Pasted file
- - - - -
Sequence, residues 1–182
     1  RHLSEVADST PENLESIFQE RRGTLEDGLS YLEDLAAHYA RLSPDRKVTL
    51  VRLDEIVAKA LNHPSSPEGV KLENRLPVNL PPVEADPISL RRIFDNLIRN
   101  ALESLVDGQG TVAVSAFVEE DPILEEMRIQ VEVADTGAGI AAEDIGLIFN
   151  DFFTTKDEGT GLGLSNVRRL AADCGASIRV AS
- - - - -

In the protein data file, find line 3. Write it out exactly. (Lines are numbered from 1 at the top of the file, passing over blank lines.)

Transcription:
    51  VRLDEIVAKA LNHPSSPEGV KLENRLPVNL PPVEADPISL RRIFDNLIRN